Android 'Master Key' Puts Smartphones At Risk

Dennis Faas's picture

It's estimated that up to 99 per cent of all Android smartphones are vulnerable to a new security vulnerability. The bug involves two of the main security measures used on phones running the popular Android operating system from Google.

The first security measure affected by the bug is the security check used on all applications that run on an Android phone. Every application has a cryptographic signature, which is a code that confirms the application is genuine.

The signature directly correlates to the contents of the application itself, meaning that any attempt to tamper with the contents would change the signature and alert the device that something was wrong.

The second measure is known as the 'permissions' system. On occasion, Android will prompt users to approve of an action before granting an app permission to follow through. This can involve an app dialing a phone number or accessing the device's camera.

"Master Key" Allows Undetected Tampering

But mobile security firm Bluebox says it has found a "master key" that lets it modify applications without altering the cryptographic signature, meaning significant changes would go undetected.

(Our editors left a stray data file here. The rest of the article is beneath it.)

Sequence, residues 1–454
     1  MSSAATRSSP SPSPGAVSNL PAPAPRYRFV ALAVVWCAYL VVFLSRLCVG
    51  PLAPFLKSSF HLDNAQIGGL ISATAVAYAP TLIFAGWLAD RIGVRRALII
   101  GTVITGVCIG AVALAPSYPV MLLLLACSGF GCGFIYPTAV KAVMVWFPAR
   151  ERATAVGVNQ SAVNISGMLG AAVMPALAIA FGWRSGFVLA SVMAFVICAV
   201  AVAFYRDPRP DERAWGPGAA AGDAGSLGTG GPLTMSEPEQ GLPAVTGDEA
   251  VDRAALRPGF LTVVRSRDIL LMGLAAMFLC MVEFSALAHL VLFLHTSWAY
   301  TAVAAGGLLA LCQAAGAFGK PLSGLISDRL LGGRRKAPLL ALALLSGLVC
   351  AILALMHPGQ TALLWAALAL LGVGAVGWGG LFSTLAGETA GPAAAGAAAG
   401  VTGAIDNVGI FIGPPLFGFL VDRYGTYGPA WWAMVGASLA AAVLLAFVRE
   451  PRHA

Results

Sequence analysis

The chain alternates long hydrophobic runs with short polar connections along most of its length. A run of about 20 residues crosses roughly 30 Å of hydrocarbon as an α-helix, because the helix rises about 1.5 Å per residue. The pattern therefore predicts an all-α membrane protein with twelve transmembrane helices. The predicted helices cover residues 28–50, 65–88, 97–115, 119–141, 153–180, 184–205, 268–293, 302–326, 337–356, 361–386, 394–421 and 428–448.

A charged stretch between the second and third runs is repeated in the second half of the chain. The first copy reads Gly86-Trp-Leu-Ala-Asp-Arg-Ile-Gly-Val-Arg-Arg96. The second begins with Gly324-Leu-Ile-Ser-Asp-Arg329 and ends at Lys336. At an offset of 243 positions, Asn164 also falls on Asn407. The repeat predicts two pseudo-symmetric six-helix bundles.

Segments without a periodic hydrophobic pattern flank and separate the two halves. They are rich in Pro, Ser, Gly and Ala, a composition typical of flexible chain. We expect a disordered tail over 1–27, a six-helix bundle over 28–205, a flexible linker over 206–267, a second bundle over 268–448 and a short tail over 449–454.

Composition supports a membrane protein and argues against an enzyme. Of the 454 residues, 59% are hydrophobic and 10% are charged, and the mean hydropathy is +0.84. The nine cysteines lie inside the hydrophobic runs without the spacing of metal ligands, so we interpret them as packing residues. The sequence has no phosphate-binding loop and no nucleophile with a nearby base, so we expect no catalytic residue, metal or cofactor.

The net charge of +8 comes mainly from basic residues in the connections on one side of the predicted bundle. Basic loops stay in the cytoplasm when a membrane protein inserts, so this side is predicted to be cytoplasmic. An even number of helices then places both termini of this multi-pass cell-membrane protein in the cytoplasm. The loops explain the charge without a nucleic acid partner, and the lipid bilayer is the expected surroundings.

An altered app could therefore be set up to carry out malicious activities, such as passing on confidential data to the hackers. (Source:

Even more seriously, Bluebox says it has been able to carry out undetected modifications on applications created by the phone's manufacturer. Such applications are commonly set-up to have all permissions active because the system inherently needs to trust the manufacturer.

That means a hacker infiltrating such an app would have almost complete control of an Android phone.

There are limitations, however: hackers would have to find a way to access a phone to modify an app or, more likely, to trick users into downloading and installing a modified version.

Security Patching Could Be Slow Process

Bluebox -- which insists it told Google about the problem five months ago -- says each individual phone manufacturer (working with the smartphone service provider) will need to issue its own security update to fix the problem. (Source:

In the meantime, Bluebox suggests users take care when downloading and installing apps. This means checking carefully to make sure they really do come from the advertised publisher.

It may also be worth sticking to the official Google Play store until an update is available.

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